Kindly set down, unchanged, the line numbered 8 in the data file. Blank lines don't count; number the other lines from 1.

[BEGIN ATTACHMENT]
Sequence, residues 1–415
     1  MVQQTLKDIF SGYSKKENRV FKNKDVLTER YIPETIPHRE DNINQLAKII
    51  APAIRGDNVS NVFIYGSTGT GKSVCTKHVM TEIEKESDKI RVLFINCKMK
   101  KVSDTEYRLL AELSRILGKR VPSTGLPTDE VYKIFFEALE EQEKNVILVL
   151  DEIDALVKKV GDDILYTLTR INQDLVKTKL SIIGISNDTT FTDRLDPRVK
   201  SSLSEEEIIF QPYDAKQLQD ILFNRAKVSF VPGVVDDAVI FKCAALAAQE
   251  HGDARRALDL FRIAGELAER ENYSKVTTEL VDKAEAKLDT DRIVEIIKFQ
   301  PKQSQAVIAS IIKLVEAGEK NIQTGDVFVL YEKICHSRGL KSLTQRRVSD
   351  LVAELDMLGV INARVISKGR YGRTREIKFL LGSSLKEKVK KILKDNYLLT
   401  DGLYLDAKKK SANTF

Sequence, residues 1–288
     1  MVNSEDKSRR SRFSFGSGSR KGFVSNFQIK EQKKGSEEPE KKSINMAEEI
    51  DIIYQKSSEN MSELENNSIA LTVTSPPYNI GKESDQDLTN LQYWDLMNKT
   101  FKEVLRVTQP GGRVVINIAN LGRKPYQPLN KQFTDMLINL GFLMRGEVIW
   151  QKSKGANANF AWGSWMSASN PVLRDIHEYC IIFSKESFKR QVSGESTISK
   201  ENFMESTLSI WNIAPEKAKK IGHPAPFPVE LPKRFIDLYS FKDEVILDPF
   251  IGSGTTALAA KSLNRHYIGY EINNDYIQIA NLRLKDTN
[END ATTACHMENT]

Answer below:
   301  PKQSQAVIAS IIKLVEAGEK NIQTGDVFVL YEKICHSRGL KSLTQRRVSD